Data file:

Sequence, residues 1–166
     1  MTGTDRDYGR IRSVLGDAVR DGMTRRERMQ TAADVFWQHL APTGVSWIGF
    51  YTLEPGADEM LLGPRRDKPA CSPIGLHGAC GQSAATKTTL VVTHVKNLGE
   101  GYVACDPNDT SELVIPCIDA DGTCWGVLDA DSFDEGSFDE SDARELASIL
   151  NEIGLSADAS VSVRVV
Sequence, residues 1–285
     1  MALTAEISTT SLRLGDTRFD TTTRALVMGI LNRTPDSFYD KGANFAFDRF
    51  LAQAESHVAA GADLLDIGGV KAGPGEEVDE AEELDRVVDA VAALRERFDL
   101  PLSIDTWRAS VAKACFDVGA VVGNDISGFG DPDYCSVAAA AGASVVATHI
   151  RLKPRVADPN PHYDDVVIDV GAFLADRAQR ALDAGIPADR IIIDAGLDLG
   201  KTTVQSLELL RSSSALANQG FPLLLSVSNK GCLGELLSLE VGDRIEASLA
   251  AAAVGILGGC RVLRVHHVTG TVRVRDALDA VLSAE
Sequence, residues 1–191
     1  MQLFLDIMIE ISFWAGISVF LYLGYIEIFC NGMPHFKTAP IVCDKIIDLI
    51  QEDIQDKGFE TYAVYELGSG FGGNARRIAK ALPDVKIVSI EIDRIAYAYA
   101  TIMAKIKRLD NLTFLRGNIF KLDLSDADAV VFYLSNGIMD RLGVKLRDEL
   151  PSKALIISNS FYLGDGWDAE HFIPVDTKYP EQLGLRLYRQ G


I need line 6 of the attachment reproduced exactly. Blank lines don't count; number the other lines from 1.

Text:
Sequence, residues 1–285